A wooden box is filled with items that are about to be donated to either a shelter, family centre, food bank or thrift store. Photo by oleksandranaumenko via Canva.
Advocacy & News, Awareness & Unlearning

Community Donations For The Fall Season

Fall/Autumn is enjoyed by many because it’s frequently seen as a time of personal transformation, renewal and abundance; a time to celebrate growth and a season of giving. As the weather gets harsher, and we prepare for Winter; this is the ideal time to make sure everyone in our communities has access to basic necessities that support their health and well-being.

Donating to family and refugee centres, shelters and food banks (all year round) represents one of the numerous ways we can show up for our community; supporting those experiencing homelessness, financial struggles and/or food insecurity. There are a variety of items, especially during the upcoming colder months, that charities and community-based organizations urgently need …

A graphic link to an Advocacy & News: Awareness & Unlearning post on Transatlantic Notes called Community Donations For The Fall Season.

While shelters and food banks distribute supplies for free; don’t forget to contribute to local thrift stores as they help create accessible price points for various everyday products. Instead of throwing away outgrown or unwanted belongings that are gently used or in good condition, gift them to places that can make use of them.

If you want to give back this Autumn, here are a list of essential items to donate this Fall:

Important note: this list is by no means comprehensive; before you donate to a particular place, contact them to find out exactly what their requirements are.

Warm Clothing

  • coats, sweaters, hoodies and pants (trousers)
  • gloves, scarves and hats
  • boots and other Winter shoes
  • underwear and socks — check requirements as some places will only accept unused/unopened pieces
  • onesies, t-shirts and other baby/infant/toddler clothing

Household

  • blankets
  • bed sheets, comforter (duvet) and pillowcases
  • curtains and drapes
  • small electrical items; microwaves, toasters, kettles, coffee machines

Hygiene

  • wash cloths, towels, facial tissue and toilet paper
  • toothpaste and toothbrushes
  • deodorant, body wash, shampoo, hand soap, hand sanitizer, razors and shaving cream
  • combs, hairbrushes and nail care
  • feminine products; sanitary towels and tampons
  • baby/infant diapers, wipes, sippy cups, feeding supplies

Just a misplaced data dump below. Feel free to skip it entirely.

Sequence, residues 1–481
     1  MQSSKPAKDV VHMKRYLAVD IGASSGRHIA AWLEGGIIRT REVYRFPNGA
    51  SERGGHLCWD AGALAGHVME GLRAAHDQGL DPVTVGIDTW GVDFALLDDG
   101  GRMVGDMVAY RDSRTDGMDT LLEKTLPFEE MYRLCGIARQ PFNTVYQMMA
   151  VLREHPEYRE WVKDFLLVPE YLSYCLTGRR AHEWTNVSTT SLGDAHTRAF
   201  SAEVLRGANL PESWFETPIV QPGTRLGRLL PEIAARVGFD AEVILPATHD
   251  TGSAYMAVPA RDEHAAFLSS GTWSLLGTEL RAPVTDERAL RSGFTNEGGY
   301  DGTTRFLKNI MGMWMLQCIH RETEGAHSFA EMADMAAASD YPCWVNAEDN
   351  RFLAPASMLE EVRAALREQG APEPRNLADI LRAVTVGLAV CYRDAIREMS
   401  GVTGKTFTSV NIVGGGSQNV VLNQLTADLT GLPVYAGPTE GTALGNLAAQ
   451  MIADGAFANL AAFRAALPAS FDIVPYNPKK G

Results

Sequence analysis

• laundry detergent

Non-Perishable Food

  • canned items; fruit, fruit juice, vegetables, beans, soup, meat and fish
  • beef, chicken and vegetable stock
  • peanut butter and jelly (jam)
  • rolled oats, pasta, pasta sauce and rice

Eliminating barriers to basic staples that look after health, hygiene and well-being remains a vital step towards establishing a society based on equity. Recognizing everyone’s humanity, regardless of their circumstances is the kind of world we should all invest in. Donations represent an encouraging start, but this doesn’t address the causes of financial insecurity.

Poverty in the U.S., for example, is the result of multifactorial issues and contradictory policies. While anti-poverty programs like low-income tax credits, unemployment insurance, Social Security and nutrition assistance has achieved a positive impact; the pandemic exposed how much more needs to be done to lift people out of hardship. It also showed how a sudden change in circumstances, like losing a job or a significant health issue, can be an immediate tipping point into scarcity for millions of people that takes far longer to get out of than it does to fall into it.

The first step in tackling poverty in the USA has to be modernizing how it’s measured, making sure it reflects current living costs and needs in 2021. The official measure that the government uses, for example, is based on analysis from 1963 that used subsistence food budget data from 1955. Times have changed. How can you possibly address levels of poverty if the specific threshold that determines it is woefully inaccurate?

Once a reliable understanding of the levels of financial insecurity is established; policymakers can realistically identify what it will take to reduce poverty and overcome its oftentimes engulfing distress and adversity. With factual data at hand, it will likely show that safety net programs need to be expanded or overhauled; job creation needs to include economic stability through pay equality and an increased minimum wage; not to mention investments that broaden access to health care and affordable housing, plus the introduction of permanent paid family and medical leave — to name a few possibilities.

There is so much we can do to support each other through the colder months — and life’s challenges — donation drives and fighting for system change that benefits all those in need is an essential way to celebrate everyone’s innate value.

What other items are good to donate during the Fall and Winter? Do you know of any great charities/organizations that provide support within your community (share them in a comment)?   


Further Info:

The Big Drop In American Poverty During The Pandemic, Explained – Vox

Inequalities In Housing Hardship Declined Because Everybody Is Now Worse Off – Brookings

If you enjoy reading Transatlantic Notes and would like to show your support for the work being done, please consider making a small donation. Thank you.

48 thoughts on “Community Donations For The Fall Season”

    1. It is beyond me why the U.S. government still uses outdated and irrelevant decades old data to determine what the poverty level is — it simply does not reflect current needs at all. I hope it changes soon so that all our communities can be better supported. Thanks so much for reading!

      Like

  1. This is such an important post and good reminder to think of those less fortunate as we head into the holiday gifting season. Some of the ways I like to help is monthly giving to my local food bank and to donate gently used clothing from all of our closets. Thanks for sharing.